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motorherp
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« Reply #30 on: October 11, 2011, 02:36:15 PM »

Warning - mega text update approaching !!
Original devlog post here


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Structuring The Universe


As interesting as spaceboxes and planets are, I decided I should start to spend some time laying down the framework for the game.  In particular I wanted to tackle how I would handle the structure of the game universe and it's contained entities since this would provide the foundations for everything else to sit on.  Given the scope of the game world I know that just blindly ploughing ahead with code will quickly get me in a mess and lock me out of wanted features without a major refactor, so better to have a good plan to begin with.

In the spirit of Elite, I want to create a huge game environment with thousands of different systems and planets and other objects where each entity in the game should be randomly decided upon to give a massive amount of possible combinations and variations.  Given the potentially huge scope, each system and entity should be able to be easily generated on the fly when requested and discarded when no longer needed since it would quickly become unfeasible to generate the entire universe at once at the start of the game and try to hold it all in memory and update it all at the same time.  Also, as well as being randomly generated, each system and significant entity must also be persistent such that when the player revisits them, the exact same one is generated again.  Lastly the framework should be ordered in such a way that the game is able to cope with the massive range of scales which will be present, from parsecs to millimetres, without being hampered by floating point inaccuracy issues or other such problems.

To try and achieve this I've planned on creating a nested tree of game systems which, in order from parent to child, consists of the universe system -> galaxy systems -> solar systems and deep space systems -> and finally planetary systems.  Each system will contain its children systems and a list of entities which exist within it.  Using a tree structure like this means that at any one time, only branches of the whole tree that contain the player need to be generated and stored and all other systems and their children and contents can be safely deleted.  Each system will also contain its own instance of the pseudo-random number generator (PRNG) used to determine its static content such as planets etc, and the first task of any system upon creation after determining its contained sub-systems will be to generate the PRNG seeds for those sub-systems.  This will ensure that the same static content for each system will be generated each time regardless of the order the systems are explored in and independently of what generations might be taking place in other active systems at the same time.  For generating dynamic content such as NPC trader ships and such, a global PRNG will be used instead since this is something you don’t want to be the same with each visit.  Finally, for most intents and purposes, each system will act as a separate self-contained game instance which helps me deal with the mathematical inaccuracy issues since each system can use its own scale appropriate to its size and only needs be concerned with the positioning of its own local contents.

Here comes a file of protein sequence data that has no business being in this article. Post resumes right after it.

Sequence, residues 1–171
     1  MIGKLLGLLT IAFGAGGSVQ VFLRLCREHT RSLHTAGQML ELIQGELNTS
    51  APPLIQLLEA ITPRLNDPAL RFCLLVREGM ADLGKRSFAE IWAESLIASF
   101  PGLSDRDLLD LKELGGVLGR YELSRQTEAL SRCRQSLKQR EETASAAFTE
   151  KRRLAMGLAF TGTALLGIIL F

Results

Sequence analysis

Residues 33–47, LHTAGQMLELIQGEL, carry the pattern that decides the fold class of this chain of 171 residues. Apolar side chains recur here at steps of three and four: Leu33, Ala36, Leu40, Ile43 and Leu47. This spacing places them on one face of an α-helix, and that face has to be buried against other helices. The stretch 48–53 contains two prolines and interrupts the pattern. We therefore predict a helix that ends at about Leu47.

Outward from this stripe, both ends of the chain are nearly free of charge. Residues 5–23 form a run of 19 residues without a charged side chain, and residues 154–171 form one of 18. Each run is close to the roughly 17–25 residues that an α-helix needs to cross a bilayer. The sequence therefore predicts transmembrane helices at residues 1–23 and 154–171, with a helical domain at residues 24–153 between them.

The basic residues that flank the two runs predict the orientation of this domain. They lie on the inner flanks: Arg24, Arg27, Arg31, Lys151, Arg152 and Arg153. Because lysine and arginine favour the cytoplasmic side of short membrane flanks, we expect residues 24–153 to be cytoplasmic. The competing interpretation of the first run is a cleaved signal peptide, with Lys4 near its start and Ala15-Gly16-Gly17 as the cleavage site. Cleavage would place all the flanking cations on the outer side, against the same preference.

So far so good.  With the above plan I should be able to create and populate a grander Elite style universe, but just like the original Elite it would lead to a universe that doesn't feel particularly alive or consistent in some ways.  For example, imagine jumping out of system and immediately after jumping straight back into it again.  You'd arrive to find all the dynamic content completely changed rather than similar to how you left it since the system will have been destroyed and re-created.  Similarly, imagine you follow an NPC ship after it jumps into another system by jumping to that same system straight after it.  You'd arrive to find it wasn't there since the system you jumped to didn't exist before you entered into it yourself and the NPC will have simply been deleted after it left the previous system.  Related to this problem is that I also know I wish for the player to be able to indirectly command multiple game entities that may or may not be in the same system as the ship the player is currently piloting so that they can potentialy control armies and such.